The Public Policy Institute of California just released its new report on SB 375, California’s smart growth law. I’m still working my way through it, and at the beginning, it seems pretty boilerplate. For example, it notes that three things California can do to reduce emissions are
- “Higher-density development, particularly in areas well-served by transit;
- “Investments in alternatives to solo driving, such as transit, walking, biking, and carpooling; and
- “Pricing policies that raise the cost of driving and parking.”
Well, knock me over with a feather. Next thing you know you’ll be telling me that the sun rises in the east. But even within the executive summary, the authors of the report make an excellent point that I admit (somewhat sheepishly) had not occurred to me before.
Yes, we need to plan for more density, but reducing emissions really requires more employment density, not residential density. If this is true, it makes the path of emissions reduction both easier and more difficult.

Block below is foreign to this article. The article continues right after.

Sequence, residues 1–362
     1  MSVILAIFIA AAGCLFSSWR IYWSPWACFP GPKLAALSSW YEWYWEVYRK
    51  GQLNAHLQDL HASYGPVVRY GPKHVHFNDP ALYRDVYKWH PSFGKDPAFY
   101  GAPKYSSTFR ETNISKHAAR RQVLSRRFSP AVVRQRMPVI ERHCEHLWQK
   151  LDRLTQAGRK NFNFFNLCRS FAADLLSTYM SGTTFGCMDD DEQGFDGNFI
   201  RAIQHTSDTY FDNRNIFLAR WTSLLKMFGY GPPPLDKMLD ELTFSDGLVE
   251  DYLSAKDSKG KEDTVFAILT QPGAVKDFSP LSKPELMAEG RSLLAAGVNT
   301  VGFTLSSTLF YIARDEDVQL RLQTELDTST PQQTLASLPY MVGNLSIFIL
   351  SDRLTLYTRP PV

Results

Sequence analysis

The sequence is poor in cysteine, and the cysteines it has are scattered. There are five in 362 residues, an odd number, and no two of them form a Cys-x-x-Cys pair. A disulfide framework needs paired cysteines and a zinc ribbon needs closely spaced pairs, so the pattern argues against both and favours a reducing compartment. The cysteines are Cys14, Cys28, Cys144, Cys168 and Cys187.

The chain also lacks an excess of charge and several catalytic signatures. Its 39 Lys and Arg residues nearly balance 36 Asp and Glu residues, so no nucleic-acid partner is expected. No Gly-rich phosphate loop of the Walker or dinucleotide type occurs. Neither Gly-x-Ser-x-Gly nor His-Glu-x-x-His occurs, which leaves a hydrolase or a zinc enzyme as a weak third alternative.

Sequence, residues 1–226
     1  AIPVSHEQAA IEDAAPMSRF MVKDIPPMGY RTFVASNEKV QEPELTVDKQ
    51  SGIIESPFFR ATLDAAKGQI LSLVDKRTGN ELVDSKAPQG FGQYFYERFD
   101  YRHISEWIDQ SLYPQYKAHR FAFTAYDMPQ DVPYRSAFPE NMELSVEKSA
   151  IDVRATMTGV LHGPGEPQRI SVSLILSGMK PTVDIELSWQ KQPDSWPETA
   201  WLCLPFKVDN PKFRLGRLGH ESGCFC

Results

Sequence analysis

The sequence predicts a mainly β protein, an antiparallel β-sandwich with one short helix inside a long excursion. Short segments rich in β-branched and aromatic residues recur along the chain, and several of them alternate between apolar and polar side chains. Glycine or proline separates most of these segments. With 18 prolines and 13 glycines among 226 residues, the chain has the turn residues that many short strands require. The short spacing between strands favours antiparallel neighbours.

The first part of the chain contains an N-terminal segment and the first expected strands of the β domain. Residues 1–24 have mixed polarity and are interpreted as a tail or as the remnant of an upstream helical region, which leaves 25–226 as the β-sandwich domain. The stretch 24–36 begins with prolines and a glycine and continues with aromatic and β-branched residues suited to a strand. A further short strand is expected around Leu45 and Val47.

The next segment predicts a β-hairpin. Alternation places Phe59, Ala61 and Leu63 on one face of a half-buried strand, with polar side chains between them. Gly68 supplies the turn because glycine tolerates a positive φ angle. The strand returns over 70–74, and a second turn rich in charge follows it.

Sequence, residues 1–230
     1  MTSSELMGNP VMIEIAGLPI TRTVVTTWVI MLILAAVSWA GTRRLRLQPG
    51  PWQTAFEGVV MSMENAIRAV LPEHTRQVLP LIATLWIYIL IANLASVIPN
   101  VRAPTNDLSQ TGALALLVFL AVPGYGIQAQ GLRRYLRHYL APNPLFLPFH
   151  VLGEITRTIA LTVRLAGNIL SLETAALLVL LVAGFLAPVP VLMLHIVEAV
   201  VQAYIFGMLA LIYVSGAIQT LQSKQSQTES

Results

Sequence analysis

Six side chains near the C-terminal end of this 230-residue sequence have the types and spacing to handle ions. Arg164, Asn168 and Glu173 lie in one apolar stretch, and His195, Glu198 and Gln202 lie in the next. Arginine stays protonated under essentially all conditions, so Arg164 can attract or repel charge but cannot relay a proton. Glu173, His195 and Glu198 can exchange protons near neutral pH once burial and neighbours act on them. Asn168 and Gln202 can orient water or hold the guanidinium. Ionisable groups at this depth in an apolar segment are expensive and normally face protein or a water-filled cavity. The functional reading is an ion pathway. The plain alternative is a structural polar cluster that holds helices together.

It makes it more difficult because it is harder to control the locations of job centers. In a dynamic economy, no one knows really where the job centers will be, and thus it’s difficult to plan well for them. This is particularly true in southern California, where jobs are in small to medium-sized businesses.
But if we can somehow get a handle on that, it makes the political task easier, because it means that reducing emissions does not have to wage such an uphill battle against traditional single-family home developments. Note traditional single-family home developments: even smart growth has a lot of single-family residences, but just a somewhat different mix of these, multifamily, and denser single-family home formations (such as without front lawns, allowing for more density while maintaining single-family homes).
In any event, it’s a lot easier politically to tell businesses to crowd closer together than to tell homeowners to do so.
So we still have our work cut out for us; it just may be very different work than we thought. I’m really looking forward to finishing the report, which at 22 pages isn’t too heavy a lift. Even after the executive summary, it’s well worth a read.